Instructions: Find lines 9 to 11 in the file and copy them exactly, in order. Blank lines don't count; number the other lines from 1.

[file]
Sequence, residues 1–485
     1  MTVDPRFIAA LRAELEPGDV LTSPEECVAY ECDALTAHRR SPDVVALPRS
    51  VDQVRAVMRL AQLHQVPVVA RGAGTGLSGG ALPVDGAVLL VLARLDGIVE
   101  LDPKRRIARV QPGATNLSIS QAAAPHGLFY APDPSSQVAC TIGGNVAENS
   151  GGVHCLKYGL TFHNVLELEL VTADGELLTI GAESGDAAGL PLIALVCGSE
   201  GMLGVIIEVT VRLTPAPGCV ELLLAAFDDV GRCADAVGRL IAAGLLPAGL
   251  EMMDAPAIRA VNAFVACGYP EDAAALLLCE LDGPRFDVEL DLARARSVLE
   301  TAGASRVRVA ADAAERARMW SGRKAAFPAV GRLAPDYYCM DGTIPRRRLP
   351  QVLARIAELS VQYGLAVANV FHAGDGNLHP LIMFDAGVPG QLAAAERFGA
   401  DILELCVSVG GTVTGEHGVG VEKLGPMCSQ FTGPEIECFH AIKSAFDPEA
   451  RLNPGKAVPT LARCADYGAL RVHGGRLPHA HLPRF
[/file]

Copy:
   351  QVLARIAELS VQYGLAVANV FHAGDGNLHP LIMFDAGVPG QLAAAERFGA
   401  DILELCVSVG GTVTGEHGVG VEKLGPMCSQ FTGPEIECFH AIKSAFDPEA
   451  RLNPGKAVPT LARCADYGAL RVHGGRLPHA HLPRF